We set out from Auchallater on the main A93 Braemar - Perth road late on an afternoon as a full gale and heavy showers were befinning to subside. Our route took us along an estate track along Glen Callater to the loch at the head of the glen. Here there's a shooting lodge and in one of the outbuildings an MBA bothy.
We arrived at dusk, started to sort out our kit and got a cup of tea. Shortly after we had a visit from one of the custodians of the adjacent Lodge inviting us to spend an hour by the fire in the main building. We spent a pleasant evening with Bill and Keith and a Belgian lady who is making some really long walking routes around the country. We found that we knew some of the same folk and the conversation ranged far and wide, accompanied by a couple of drams. We retired to our sleeping bags in the bothy warm and slept well.
Early in the morning we had another visitor at the door - one of the estate ponies was keen to say hello and investigate what might be on offer for breakfast! The ponies at Auchallater are used by Invercauld estate to bring down the carcasses of shot deer from the hill. They're sturdy and adaptale animals and can go where vehicles either can't or would cause damage.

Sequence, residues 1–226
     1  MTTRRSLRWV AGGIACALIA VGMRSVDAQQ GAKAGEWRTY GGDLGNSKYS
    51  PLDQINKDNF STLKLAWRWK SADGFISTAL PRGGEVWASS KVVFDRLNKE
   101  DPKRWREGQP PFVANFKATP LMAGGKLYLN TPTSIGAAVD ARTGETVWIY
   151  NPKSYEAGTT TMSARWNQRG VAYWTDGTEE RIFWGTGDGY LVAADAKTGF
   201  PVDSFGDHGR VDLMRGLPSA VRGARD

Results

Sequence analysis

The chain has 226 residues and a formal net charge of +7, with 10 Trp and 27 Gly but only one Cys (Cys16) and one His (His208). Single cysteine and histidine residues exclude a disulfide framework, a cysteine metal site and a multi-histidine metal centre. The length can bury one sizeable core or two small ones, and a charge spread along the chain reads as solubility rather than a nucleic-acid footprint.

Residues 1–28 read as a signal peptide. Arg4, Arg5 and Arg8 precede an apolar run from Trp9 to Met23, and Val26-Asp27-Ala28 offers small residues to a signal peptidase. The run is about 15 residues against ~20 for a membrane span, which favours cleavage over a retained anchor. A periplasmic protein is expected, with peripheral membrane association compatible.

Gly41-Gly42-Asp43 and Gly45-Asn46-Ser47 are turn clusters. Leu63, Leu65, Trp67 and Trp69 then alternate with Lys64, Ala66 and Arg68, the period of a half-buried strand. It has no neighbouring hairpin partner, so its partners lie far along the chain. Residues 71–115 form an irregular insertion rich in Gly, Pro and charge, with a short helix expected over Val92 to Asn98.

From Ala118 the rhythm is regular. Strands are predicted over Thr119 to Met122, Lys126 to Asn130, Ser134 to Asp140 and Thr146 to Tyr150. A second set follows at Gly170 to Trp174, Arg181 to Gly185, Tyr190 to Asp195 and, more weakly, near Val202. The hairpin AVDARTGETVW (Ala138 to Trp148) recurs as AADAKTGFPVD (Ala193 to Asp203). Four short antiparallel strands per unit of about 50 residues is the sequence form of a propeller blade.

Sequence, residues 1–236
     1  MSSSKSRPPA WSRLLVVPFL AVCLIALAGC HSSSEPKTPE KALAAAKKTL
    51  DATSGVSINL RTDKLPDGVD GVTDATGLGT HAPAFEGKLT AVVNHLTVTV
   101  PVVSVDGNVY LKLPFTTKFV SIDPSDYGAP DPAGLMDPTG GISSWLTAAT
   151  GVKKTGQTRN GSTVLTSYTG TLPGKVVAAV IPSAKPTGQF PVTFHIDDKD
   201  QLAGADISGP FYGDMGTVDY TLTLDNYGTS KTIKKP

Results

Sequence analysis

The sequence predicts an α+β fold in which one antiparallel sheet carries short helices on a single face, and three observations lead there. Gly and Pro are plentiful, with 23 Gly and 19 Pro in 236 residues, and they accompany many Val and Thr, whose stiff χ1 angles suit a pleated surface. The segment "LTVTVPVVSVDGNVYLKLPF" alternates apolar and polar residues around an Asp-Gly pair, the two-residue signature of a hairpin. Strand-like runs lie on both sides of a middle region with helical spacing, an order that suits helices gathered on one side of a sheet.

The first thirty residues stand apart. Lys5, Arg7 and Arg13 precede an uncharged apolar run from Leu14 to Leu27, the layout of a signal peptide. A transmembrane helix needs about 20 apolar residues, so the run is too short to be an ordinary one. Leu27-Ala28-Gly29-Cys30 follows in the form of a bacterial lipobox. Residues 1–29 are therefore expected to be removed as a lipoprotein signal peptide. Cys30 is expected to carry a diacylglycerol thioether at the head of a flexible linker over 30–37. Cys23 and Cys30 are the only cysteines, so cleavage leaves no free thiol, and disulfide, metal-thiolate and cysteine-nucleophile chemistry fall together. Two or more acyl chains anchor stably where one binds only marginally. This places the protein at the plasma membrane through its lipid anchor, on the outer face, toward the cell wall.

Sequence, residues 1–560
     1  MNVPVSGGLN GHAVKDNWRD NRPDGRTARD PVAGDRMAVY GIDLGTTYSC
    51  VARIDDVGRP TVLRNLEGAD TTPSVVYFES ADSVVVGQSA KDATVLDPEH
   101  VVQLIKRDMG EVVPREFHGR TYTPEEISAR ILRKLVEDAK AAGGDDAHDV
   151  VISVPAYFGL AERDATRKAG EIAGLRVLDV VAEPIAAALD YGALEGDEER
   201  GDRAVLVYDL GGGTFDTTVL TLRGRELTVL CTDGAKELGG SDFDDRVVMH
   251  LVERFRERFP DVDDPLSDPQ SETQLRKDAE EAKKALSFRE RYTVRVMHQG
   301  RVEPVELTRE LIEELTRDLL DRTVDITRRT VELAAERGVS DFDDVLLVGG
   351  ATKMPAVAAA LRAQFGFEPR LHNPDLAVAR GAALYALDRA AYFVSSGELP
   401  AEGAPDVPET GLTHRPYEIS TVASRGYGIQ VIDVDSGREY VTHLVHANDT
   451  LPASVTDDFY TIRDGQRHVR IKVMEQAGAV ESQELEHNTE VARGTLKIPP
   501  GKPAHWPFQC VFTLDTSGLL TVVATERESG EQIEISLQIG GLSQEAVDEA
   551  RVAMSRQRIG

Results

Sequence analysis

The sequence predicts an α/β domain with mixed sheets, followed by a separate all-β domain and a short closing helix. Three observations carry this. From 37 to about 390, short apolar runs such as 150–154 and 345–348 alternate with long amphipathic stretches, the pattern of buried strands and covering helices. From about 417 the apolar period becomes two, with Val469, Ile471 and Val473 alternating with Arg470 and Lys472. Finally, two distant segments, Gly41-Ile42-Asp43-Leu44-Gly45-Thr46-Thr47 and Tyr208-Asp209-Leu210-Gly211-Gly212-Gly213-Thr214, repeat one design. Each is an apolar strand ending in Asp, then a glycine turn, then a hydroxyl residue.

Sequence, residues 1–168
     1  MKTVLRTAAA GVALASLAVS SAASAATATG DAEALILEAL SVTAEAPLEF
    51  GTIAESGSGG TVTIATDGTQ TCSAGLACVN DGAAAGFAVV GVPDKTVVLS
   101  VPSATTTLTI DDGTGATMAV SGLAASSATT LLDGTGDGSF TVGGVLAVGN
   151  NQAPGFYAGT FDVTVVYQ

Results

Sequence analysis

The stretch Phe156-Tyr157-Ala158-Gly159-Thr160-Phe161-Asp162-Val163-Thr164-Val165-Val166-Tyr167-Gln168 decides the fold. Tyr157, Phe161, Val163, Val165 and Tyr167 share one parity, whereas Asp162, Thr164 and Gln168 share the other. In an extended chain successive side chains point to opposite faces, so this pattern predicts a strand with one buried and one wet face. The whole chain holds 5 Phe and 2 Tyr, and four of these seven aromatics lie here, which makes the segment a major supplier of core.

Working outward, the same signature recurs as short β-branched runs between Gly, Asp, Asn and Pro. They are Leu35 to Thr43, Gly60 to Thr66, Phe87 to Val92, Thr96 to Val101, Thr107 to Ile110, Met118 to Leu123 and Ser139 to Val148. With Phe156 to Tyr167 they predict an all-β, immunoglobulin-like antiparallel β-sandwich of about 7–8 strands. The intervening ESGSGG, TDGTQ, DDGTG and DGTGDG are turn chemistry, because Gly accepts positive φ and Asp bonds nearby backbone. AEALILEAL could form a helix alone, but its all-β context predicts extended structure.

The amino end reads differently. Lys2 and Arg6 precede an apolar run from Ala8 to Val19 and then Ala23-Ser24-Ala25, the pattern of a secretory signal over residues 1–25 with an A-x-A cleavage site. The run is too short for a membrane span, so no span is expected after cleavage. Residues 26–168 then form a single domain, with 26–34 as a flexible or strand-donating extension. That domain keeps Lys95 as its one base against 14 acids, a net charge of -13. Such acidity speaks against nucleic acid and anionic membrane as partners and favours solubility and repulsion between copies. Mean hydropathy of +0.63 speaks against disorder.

The view along Loch Callater was fairly encouraging. Although it was cold with the air temperature around freezing, the wind had dropped and there were breaks in the cloud. It looked like a fair day for the route we had planned.
We went across to the Lodge to thank Bill (and the ponies) for the warm hospitality before departing - noticing the rather fine curling stones on the doorstep. It had been a most pleasant stay at Callater bothy and a tentative plan to get sea kayaks onto Loch Callater in the future had emerged......
Our route now took us above the loch and into the hills of the White Mounth. The term "mounth" is an indication that through routes exist and here is no exception; long routes cross the high passes to link with the south. We used the start of one of these routes but cut off it quite quickly. As we gained height, rucsacs feeling heavy with winter kit this early in the day, we were glad of an excellent stalker's path slanting in an effortless line across the face of the steep hill ground.
We were soon level with the head of the loch, the glacial origin and hummocky moraines clear to see. It looked a bit wintry above too, a defined snowline had appeared on the hills as winter made its first appearance.
Tuning south east off a shallow bealach we started a steeper climb which not only went uphill but also into winter proper. The snow was hard and wind scoured, affording a good bite for the boots as we plodded steadily upwards. To the north, the Dee valley and Ballochbuie Forest were lit by warm sunshine.